Succulents are OUT? Oh, No They’re NOT
Guest rant by Debra Lee Baldwin, a rebuttal to Ivette Soler’s rant in which she expressed ennui about succulents and proposed that the plants’ popularity is diminishing.
If anyone ought to be sick of succulents, it should be me, having spent a decade studying and photographing them, and twice that long growing them. Yet succulents are endlessly fascinating—true fashionistas, they’re forever reinventing themselves and doing things other plants wouldn’t dream of.
For example, when deprived of water and even soil, many succulents continue to look the same for weeks, even months. Consequently, floral designers—always keen on fresh material with lasting power—are wiring rootless rosettes onto faux stems and using them in fancy-pants bouquets. Succulents are hugely popular in wedding florals. A trend, yes, but consider: It’s very green to repurpose a bouquet by pulling it apart and planting it. And the sentimental value! Squeal!
Succulents also can be glued to stuff. “I’ll put them on anything that doesn’t move,” says San Diego designer Laura Eubanks, who doesn’t just glue succulents to the moss-topped pumpkins she sells by the hundreds every fall, she hot-glues them. “It’s so much faster, and the plants don’t mind.” A pumpkin she made for a photo shoot at my home lasted four months; when the squash finally rotted, the succulents slid into the garden. Below: For her brother, Eubanks made a succulent toupee.
You know how aloe blooms are nearly always orange? Not any more. If you live in coastal California from the Bay Area south, where mild temperatures enable succulents to grow outdoors year-round, you’ll soon see cultivars that send up 2-to 3-foot-tall flower spikes in breathtaking blends of peach, cream, red and/or yellow. Here are two unnamed hybrids.
Because pots are fairly easy to shelter when the weather turns too cold, hot or wet, regardless of where you live, you can enjoy hundreds of varieties of smaller succulents, like dwarf aloes and agaves that don’t get much bigger than softballs. Echeverias, which resemble rubbery roses, come in green, silver, blue, pink and lavender. All that most succulents want is non-scorching sun, temps above 32 degrees F, fast-draining soil, an occasional splash of water and to be left the heck alone.
As for succulent gardens lacking elegance and restraint, well, it’s not a plant’s fault if it’s used poorly. This minimalist landscape is in my book Designing with Succulents.
I could go on and on…in fact, I do. I share my passion for “plants that drink responsibly” on Facebook (Succulents Simplified); in my quarterly News from the World of Designing with Succulents; on my blog and website, in articles for garden publications, at speaking engagements nationwide, and of course, in my books.
But don’t take MY word for it…
The annual Succulent Extravaganza near San Francisco is now in its fourth year; the Succulent Celebration near San Diego, in its second. Each is held at a large nursery over a two-day period and attracts upwards of 1,500 attendees.
A 2009 post on my blog, titled “Uh-oh, My Agave’s Blooming,” has had 14,500 views.
In June, 2013 the Succulent Fanatics Facebook group had 850 members. It now has 2,600. Shown here is the group’s founder, Laura Balaoro of San Jose.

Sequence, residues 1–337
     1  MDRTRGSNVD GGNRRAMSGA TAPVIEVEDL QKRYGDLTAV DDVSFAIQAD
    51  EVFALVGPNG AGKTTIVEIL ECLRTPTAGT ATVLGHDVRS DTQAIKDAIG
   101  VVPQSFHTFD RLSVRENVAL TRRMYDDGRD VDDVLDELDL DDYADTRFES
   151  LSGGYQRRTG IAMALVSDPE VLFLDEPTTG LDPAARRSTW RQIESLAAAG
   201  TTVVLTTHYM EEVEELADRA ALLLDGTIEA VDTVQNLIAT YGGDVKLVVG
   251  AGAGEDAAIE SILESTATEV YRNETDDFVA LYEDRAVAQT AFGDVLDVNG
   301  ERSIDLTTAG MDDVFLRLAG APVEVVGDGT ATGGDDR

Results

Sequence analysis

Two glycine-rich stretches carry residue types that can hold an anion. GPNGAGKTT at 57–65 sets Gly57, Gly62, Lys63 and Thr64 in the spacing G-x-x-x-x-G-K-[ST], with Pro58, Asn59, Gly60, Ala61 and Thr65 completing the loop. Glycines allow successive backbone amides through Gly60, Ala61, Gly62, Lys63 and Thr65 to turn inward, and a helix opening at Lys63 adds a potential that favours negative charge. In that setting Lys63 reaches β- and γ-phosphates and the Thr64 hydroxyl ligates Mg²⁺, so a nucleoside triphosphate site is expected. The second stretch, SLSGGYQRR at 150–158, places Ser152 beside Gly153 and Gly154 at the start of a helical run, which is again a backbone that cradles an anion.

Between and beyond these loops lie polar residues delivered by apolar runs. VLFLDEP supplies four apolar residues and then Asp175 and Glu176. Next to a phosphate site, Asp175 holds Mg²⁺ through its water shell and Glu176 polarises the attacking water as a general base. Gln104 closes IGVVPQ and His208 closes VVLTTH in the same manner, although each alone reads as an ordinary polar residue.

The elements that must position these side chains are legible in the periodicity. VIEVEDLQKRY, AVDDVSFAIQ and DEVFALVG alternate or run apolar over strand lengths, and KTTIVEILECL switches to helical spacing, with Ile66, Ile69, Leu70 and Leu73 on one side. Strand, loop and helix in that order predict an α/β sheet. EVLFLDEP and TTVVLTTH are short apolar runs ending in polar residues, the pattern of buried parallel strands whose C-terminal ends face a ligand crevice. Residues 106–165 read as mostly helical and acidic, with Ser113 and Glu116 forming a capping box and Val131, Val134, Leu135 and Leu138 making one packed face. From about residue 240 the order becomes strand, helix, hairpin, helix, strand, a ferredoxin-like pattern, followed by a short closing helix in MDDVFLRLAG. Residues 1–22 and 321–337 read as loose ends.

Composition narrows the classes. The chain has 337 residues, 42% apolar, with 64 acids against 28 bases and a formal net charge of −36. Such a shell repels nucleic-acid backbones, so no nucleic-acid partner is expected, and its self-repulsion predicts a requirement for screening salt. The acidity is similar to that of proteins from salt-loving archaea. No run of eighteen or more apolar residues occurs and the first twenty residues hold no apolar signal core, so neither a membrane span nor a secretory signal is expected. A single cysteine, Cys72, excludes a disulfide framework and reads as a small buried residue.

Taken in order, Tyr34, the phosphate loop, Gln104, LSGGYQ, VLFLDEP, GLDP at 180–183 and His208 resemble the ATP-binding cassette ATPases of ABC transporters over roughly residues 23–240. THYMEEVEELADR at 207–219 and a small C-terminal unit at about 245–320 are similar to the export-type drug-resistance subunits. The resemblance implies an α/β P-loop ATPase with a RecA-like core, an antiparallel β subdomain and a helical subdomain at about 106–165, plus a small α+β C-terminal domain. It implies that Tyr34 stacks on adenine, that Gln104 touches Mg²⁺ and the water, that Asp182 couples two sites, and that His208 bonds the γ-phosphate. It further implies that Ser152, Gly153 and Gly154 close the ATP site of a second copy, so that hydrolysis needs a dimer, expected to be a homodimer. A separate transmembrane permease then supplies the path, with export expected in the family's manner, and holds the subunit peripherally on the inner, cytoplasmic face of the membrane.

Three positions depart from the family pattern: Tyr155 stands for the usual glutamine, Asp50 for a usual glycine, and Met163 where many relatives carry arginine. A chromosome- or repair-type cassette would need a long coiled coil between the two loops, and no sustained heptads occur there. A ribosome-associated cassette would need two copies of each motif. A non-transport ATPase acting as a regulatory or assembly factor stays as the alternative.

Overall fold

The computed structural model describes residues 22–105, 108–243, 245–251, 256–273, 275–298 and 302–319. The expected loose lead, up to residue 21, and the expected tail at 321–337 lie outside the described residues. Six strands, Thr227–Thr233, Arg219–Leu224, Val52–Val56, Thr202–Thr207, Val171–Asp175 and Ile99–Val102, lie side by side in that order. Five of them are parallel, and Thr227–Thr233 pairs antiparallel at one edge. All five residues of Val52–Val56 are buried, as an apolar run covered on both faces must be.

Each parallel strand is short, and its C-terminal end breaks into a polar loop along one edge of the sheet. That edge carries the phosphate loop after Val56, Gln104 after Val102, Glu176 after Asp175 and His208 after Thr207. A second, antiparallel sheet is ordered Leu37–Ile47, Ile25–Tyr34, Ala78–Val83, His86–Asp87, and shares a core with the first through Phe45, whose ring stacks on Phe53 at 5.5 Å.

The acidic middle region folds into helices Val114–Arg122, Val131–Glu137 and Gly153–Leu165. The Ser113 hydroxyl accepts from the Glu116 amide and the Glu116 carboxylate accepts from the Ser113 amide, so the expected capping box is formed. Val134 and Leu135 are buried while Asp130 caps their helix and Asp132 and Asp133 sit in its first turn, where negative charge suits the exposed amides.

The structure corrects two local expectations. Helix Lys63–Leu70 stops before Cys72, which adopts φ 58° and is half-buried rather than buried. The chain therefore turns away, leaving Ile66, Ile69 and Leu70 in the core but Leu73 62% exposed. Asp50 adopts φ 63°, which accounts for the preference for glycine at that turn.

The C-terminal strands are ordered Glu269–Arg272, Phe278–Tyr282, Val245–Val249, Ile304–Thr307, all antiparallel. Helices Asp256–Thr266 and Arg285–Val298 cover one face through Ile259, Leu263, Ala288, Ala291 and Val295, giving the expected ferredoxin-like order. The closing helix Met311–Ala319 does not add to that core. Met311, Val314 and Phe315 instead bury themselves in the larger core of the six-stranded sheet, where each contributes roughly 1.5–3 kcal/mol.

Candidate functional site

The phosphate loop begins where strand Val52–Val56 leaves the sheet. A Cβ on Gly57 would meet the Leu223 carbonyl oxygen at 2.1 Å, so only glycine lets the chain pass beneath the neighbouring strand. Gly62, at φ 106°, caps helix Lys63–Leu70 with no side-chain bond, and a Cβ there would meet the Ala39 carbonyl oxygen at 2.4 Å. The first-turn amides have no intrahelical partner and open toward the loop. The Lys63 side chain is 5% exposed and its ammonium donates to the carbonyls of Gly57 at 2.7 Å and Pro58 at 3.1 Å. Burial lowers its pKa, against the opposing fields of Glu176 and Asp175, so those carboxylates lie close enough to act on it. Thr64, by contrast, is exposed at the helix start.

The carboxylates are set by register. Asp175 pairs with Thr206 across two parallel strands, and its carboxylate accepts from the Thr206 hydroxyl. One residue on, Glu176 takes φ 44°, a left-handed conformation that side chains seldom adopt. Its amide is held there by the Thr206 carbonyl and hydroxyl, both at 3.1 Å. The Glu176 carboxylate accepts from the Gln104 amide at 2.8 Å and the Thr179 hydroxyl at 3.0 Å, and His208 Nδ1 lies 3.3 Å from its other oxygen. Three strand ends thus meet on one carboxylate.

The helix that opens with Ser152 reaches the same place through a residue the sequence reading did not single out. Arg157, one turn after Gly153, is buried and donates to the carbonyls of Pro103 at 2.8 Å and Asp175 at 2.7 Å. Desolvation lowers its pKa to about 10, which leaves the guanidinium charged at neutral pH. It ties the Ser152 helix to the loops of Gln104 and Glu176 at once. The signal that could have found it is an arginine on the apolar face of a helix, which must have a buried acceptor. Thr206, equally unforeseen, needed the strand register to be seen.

Six months ago there were 200 Pinterest boards named “Succulents.” Recently, I quit counting at 1,200.
Forty-five succulent-themed videos on my YouTube channel have received more than 400,000 views in three years.
“From a grower’s perspective, the demand for succulents is not slowing. Our business has grown 20% annually since 2005. We’re also engaged in research that will result in new, improved, disease-resistant and stunningly beautiful hybrids.” — Ken Altman, founder and president, Altman Plants, Vista, CA (the largest grower of cacti and succulents in the US)
“Succulents of all kinds are the highest growth category in gardening, higher even than vegetables. This makes sense as folks do more gardening on patios and balconies, home sizes shrink, and the apartment boom continues.” – Rick Brown, grower and wholesaler, Florida Friendly Plants (suppliers of Home Depot)
“The catastrophic drought underway in the West—and our routinely dry climate—make succulents carefree jewels of the garden, and more essential than ever for adding color and boldness to water-sparing palettes.” – Flora Grubb, designer and owner, Flora Grubb Gardens nursery, San Francisco
“In Japan and Germany, where drought is hardly an issue, succulents are rising in popularity. Demand from Korea and China for succulents from Australia is at a record high. Succulents are not out—they’re out there!” – Attila Kapitany, Australian author, horticulturist and nurseryman
“Lack of water and smaller living spaces are not fads. Whereas trendy aspects of the succulent phenomenon may decline, the functional appropriateness of the plants is just beginning to be understood and tapped.” – Robin Stockwell, owner, Succulent Gardens, the largest Northern CA succulent nursery and site of the Succulent Extravaganza
Debra Lee Baldwin is an award-winning garden photojournalist who authored the Timber Press bestsellers Designing with Succulents, Succulent Container Gardens and Succulents Simplified.
Debra Lee Baldwin
on February 11, 2014 at 7:39 am, in the category Guest Rants, It’s the Plants, Darling.